Who Is Sun Tzu?
Sun Tzu (孫子; Pinyin transliteration Sunzi) was a Chinese general, military strategist, writer and philosopher who lived in the Eastern Zhou period of ancient China. Sun Tzu is traditionally credited as the author of The Art of War, an influential work of military strategy that has affected Western and East Asian philosophy and military thinking. His works focus much more on alternatives to battle, such as stratagem, delay, the use of spies and alternatives to war itself, the making and keeping of alliances, the uses of deceit and a willingness to submit, at least temporarily, to more powerful foes. Sun Tzu is revered in Chinese and East Asian culture as a legendary historical and military figure. His birth name was Sun Wu and he was known outside of his family by his courtesy name Changqing. The name Sun Tzu by which he is best known in the Western World is an honorific which means “Master Sun”.
Sun Tzu‘s historicity is uncertain. The Han dynasty historian Sima Qian and other traditional Chinese historians placed him as a minister to King Helü of Wu and dated his lifetime to 544–496 BC. Modern scholars accepting his historicity place the extant text of The Art of War in the later Warring States period based on its style of composition and its descriptions of warfare. Traditional accounts state that the general’s descendant Sun Bin wrote a treatise on military tactics, also titled The Art of War. Since Sun Wu and Sun Bin were referred to as Sun Tzu in classical Chinese texts, some historians believed them identical, prior to the rediscovery of Sun Bin’s treatise in 1972.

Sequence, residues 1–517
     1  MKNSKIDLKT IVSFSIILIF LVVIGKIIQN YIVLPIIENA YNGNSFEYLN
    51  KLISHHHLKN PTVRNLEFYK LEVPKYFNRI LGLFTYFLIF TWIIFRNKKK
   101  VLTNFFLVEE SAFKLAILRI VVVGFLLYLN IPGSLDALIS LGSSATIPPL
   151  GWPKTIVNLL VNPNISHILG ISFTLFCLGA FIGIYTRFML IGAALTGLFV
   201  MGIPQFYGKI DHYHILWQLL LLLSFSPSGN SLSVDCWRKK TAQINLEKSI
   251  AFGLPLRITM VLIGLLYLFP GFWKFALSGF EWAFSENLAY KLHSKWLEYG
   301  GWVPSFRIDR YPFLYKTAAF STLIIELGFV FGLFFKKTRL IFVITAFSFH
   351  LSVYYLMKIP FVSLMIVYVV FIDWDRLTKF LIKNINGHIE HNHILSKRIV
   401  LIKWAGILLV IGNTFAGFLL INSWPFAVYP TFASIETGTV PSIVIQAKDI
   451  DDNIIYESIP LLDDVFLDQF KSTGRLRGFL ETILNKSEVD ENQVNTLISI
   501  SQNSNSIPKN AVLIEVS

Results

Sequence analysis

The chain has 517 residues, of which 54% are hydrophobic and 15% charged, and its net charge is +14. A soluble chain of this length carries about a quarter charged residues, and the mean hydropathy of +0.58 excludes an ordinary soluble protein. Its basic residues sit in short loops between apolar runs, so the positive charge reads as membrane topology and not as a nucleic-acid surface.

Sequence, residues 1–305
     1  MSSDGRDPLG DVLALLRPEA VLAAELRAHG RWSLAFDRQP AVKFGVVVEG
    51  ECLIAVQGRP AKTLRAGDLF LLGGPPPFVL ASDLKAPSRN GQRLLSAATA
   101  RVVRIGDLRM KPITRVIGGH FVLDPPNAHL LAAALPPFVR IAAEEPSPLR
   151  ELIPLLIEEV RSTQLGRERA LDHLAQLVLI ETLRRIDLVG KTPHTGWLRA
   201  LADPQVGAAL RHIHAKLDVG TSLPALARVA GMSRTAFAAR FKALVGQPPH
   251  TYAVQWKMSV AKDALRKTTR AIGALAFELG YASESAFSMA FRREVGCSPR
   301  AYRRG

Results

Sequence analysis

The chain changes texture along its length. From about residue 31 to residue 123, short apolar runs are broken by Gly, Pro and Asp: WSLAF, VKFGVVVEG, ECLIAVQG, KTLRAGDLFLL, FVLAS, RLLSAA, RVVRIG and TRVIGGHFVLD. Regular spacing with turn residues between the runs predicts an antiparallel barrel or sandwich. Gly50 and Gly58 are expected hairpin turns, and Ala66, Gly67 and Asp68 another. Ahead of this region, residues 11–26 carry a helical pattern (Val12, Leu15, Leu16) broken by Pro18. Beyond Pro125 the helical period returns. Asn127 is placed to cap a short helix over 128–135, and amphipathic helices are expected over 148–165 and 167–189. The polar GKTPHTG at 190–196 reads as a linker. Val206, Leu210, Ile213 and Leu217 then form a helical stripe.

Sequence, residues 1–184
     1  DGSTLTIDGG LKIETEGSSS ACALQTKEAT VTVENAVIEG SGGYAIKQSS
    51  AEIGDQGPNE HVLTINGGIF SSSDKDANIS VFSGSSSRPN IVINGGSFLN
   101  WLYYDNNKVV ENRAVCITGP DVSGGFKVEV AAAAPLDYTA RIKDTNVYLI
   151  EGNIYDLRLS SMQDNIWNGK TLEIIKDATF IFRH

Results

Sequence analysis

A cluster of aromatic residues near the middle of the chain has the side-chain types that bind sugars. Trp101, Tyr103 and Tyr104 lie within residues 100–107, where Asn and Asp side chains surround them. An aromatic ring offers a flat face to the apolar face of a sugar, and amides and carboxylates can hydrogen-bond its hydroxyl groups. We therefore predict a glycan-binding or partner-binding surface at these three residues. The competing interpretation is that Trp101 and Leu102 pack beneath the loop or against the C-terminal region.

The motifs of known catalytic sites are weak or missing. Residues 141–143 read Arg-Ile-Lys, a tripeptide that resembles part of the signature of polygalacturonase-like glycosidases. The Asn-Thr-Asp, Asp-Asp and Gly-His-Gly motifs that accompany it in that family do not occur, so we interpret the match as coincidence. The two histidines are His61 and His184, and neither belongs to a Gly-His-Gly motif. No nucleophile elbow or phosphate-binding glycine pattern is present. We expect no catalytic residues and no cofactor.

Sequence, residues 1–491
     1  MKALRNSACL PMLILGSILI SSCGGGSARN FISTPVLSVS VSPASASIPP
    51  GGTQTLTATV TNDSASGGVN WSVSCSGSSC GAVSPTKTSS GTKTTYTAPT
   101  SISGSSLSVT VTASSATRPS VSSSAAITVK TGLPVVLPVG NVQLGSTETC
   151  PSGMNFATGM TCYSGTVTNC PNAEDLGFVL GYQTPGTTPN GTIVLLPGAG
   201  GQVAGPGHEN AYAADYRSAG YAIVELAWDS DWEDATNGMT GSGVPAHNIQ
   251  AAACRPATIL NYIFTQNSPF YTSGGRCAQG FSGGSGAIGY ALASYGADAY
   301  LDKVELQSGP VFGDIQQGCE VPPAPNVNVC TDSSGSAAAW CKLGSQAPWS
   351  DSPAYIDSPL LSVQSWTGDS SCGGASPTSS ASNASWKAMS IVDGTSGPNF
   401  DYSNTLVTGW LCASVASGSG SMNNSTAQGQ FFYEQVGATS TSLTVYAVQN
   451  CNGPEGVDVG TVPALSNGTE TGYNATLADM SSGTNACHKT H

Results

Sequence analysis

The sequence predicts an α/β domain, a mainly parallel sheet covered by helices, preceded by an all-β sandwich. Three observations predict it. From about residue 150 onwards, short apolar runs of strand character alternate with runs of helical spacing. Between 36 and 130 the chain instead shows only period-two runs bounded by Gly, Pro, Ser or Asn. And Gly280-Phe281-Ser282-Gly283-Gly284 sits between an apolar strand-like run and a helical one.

Sun Tzu‘s work has been praised and employed in East Asian warfare since its composition. During the twentieth century, The Art of War grew in popularity and saw practical use in Western society as well. It continues to influence many competitive endeavors in the world, including culture, politics, business and sports, as well as modern warfare.